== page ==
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The Basics

Time: Local time in Sri Lanka is GMT +5.30 hours.

Electricity: Electrical current is 230 volts, 50Hz. Round, three-pin plugs are used.

Money: The unit of currency is the Sri Lanka Rupee (LKR), which is divided into 100 cents. Major credit cards are widely accepted in major cities. ATMs are becoming more common, but outside the main cities they are unlikely to accept international cards. Credit cards should be used with caution due to the potential for fraud. Foreign currency can be exchanged at bureaux de change, banks and hotels. Banks are closed on Sundays.

Currency Exchange Rates

LKR 100.00 = AUD 0.82 CAD 0.77 EUR 0.51 NZD 0.87 GBP 0.44 USD 0.57 ZAR 8.24
Note: These currency exchange rates are not updated daily and should be used as a guideline only.

Language: Most people speak Sinhala, which is the national and official language. Tamil is also spoken, and English is spoken at most tourist establishments.

Entry requirements:

Entry requirements for Americans: US nationals require passports valid for at least six months on arrival. A visa is required and can be purchased by tourists on arrival for a stay of 30 days. Extensions for an additional 150 days are possible.
Entry requirements for UK nationals: UK nationals require passports valid for at least six months on arrival. A visa is required and can be purchased by tourists on arrival for a stay of 30 days. Extensions for an additional 150 days are possible.
Entry requirements for Canadians: Canadian nationals require passports valid for at least six months on arrival. A visa is required and can be purchased by tourists on arrival for a stay of 30 days. Extensions for an additional 150 days are possible.
Entry requirements for Australians: Australian nationals require passports valid for at least six months on arrival. A visa is required and can be purchased by tourists on arrival for a stay of 30 days. Extensions for an additional 150 days are possible.
Entry requirements for South Africans: South African nationals require passports valid for at least six months on arrival. A visa is required and can be purchased by tourists on arrival for a stay of 30 days. Extensions for an additional 150 days are possible.
Entry requirements for New Zealand nationals: New Zealand nationals require passports valid for at least six months on arrival. A visa is required and can be purchased by tourists on arrival for a stay of 30 days. Extensions for an additional 150 days are possible.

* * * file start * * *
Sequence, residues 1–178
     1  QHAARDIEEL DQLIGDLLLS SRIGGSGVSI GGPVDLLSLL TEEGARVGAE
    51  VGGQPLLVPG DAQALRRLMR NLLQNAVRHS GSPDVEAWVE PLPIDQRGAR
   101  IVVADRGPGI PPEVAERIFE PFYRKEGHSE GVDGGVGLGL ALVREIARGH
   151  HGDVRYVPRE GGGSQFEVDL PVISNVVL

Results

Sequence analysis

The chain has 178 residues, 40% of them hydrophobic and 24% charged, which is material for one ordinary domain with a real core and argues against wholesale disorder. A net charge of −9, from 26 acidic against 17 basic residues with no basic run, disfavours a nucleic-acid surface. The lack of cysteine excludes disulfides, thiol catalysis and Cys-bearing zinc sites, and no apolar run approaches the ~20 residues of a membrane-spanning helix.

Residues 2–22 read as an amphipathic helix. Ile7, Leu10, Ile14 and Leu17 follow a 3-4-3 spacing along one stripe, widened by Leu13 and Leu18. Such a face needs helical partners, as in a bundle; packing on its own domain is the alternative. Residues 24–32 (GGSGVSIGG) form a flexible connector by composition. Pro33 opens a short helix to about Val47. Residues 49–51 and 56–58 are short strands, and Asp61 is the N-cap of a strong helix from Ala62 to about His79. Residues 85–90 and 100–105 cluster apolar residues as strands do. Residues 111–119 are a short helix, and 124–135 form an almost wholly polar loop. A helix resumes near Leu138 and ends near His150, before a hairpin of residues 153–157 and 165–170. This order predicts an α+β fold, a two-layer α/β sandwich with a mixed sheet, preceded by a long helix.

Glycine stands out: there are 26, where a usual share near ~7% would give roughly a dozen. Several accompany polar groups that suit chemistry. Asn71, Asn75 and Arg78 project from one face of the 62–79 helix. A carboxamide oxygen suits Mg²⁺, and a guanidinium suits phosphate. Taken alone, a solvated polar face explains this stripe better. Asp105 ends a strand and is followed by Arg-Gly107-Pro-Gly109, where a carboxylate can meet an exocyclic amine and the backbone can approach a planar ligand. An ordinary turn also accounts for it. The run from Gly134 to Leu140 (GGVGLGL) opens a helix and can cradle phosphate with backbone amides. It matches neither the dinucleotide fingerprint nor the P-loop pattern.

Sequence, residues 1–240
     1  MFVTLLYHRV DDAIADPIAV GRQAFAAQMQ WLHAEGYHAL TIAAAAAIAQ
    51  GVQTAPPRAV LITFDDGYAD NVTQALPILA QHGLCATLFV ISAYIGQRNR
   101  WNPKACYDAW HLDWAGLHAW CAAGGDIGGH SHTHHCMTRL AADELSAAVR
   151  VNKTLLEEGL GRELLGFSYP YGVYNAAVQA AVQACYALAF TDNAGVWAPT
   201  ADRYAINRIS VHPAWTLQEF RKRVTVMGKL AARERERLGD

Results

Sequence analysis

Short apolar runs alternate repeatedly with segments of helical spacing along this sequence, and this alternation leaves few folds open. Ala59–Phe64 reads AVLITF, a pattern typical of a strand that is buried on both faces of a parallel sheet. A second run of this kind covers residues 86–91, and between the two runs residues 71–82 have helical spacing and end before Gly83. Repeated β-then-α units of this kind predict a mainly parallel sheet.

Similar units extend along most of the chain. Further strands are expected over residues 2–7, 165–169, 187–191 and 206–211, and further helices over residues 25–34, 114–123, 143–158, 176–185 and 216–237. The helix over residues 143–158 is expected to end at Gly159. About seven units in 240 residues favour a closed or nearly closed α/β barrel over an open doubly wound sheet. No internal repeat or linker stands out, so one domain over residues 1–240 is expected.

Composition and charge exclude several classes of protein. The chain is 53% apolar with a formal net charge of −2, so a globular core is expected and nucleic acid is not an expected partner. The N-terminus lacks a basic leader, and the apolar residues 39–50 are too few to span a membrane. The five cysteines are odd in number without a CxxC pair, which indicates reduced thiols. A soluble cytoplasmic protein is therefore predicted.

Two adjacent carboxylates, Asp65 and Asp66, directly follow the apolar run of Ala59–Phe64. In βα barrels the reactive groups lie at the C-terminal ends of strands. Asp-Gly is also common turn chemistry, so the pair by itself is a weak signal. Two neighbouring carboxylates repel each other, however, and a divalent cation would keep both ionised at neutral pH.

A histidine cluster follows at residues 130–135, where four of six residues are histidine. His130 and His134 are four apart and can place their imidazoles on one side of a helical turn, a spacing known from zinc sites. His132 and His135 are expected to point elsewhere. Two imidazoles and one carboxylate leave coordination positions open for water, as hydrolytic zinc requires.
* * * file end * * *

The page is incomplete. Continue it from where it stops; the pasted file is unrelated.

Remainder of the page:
Passport/Visa Note: Most travellers can purchase visas on arrival. These must be paid for in USD but the amount varies. Visitors should be able to show the immigration officials proof of sufficient funds for their stay in Sri Lanka. Passengers must also hold return or onward tickets and all documents needed for the next destination. Those who prefer to arrange visas in advance can do so online or at a Sri Lankan embassy. An ETA (Electronic Travel Authorization) can be issued on arrival but can also be filled in prior to travel to Sri Lanka - this can be done online at www.eta.gov.lk. It is highly recommended that passports have at least six months validity remaining after your intended date of departure from your travel destination. Immigration officials often apply different rules to those stated by travel agents and official sources.

Travel Health: Food and water borne diseases are the primary cause for ill health in Sri Lanka. Visitors should only drink bottled water, avoid ice in drinks, and take care to eat well-cooked food. Hepatitis A and hepatitis B vaccinations are recommended for all travellers to Sri Lanka. Typhoid is only really a problem in rural areas, but travellers should consider a vaccination depending on their itinerary. Yellow fever vaccination certificates are required by travellers coming from infected areas. Malaria, Chikungunya fever, Japanese encephalitis and dengue fever are a risk and protection against mosquito bites is essential. Prophylactics for malaria are also strongly recommended for all regions, except the districts of Colombo, Kalutara, Galle and Nuwara Eliya. Travellers are strongly advised to take out good travel insurance, and seek medical advice at least three weeks before leaving for Sri Lanka. Quality medical attention may be difficult to find outside of Colombo and other big cities and medications are often in short supply in Sri Lanka. Travellers should being any medication they may require with them.